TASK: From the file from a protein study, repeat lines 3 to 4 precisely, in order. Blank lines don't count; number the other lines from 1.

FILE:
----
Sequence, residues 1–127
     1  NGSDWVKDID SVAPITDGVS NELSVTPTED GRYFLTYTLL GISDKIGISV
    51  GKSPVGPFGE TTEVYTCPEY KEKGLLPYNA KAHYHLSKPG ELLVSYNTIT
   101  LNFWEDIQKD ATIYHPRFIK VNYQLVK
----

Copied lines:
    51  GKSPVGPFGE TTEVYTCPEY KEKGLLPYNA KAHYHLSKPG ELLVSYNTIT
   101  LNFWEDIQKD ATIYHPRFIK VNYQLVK